The meeting between Russian President Vladimir Putin and Japanese Prime Minister Shinzo Abe, held in Japan on December 15-16, failed to resolve two fundamental bilateral issues held over from the Second World War: absence of a formal peace treaty and a territorial sovereignty dispute over the southern Kurile Islands (known as the Northern Territories in Japan). Instead, Putin turned the tables on Abe by signaling that a peace agreement will be negotiated on Russia’s terms (or not at all) and that the territorial sovereignty dispute was not up for discussion. In Putin’s realpolitik worldview, there is no territorial dispute since de facto sovereignty over the islands has been held by USSR, and subsequently by Russia, as a consequence of the Second World War and is therefore the rightful spoils of war.
Putin also reframed the negotiating sequence as a gradualist approach in contrast to Abe’s preference for a major breakthrough. Rather than striking a grand bargain, Putin has shifted the burden on Abe to first demonstrate that Japan can and will deliver on specific proposals. This incremental approach risks Japan being entrapped in irrevocable commitments while allowing Russia to control and manipulate the negotiation process. The summit revealed the significant disparity in relative bargaining strength as well as the low-level of trust between the two countries, despite the perceivably warm personal relations between the two leaders. As Putin stated during a joint press conference with Abe, Russia survived without close cooperation with Japan for seventy years (since the Second World War) and could live without Japan in the future, although this was not the preferred outcome.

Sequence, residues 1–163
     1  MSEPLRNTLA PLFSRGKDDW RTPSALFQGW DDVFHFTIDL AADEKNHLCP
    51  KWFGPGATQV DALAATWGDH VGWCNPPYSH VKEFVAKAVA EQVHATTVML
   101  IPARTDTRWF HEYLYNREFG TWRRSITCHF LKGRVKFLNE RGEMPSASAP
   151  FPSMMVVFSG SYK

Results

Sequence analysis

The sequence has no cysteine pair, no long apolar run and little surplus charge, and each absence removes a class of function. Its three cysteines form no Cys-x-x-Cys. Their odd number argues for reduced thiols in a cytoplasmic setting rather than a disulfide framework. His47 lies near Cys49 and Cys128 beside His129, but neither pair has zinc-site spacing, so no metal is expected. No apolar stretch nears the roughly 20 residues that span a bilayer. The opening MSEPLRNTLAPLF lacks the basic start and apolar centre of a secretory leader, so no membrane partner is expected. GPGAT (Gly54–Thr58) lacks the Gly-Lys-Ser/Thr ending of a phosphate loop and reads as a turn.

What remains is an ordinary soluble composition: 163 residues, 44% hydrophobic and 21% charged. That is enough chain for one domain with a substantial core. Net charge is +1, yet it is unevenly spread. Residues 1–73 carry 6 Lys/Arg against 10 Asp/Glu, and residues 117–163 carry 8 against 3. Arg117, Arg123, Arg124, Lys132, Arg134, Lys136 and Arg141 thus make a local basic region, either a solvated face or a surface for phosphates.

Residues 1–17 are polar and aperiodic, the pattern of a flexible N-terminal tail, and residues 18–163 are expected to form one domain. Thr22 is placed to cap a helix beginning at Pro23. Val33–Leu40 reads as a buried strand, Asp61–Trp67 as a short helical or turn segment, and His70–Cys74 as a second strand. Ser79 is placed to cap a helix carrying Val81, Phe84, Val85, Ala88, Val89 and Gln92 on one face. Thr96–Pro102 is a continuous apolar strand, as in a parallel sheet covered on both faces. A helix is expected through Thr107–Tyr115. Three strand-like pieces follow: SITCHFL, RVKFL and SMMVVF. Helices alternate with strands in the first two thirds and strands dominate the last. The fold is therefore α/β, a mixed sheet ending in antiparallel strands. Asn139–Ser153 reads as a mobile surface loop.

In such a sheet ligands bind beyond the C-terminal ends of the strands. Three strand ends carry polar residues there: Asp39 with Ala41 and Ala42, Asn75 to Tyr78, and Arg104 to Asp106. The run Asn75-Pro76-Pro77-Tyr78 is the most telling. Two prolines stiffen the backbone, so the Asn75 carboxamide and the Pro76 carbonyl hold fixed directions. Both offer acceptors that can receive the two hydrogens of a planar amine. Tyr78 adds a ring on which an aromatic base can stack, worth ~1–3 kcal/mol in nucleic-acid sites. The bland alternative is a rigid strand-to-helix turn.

Although negotiating from a disadvantaged position, Abe did not walk away empty handed. The two leaders agreed to resume bilateral “2-plus-2” talks between defense and foreign ministers (suspended since Russia invaded Ukraine in 2014). This is important to Abe and the first step toward closer security and defense cooperation that has been opposed by Washington. Putin and Abe also agreed to launch discussions on creating a special regime for joint economic cooperation of the disputed islands. While joint development carries its own set of risks, the initiative is a small step toward improving overall bilateral relations.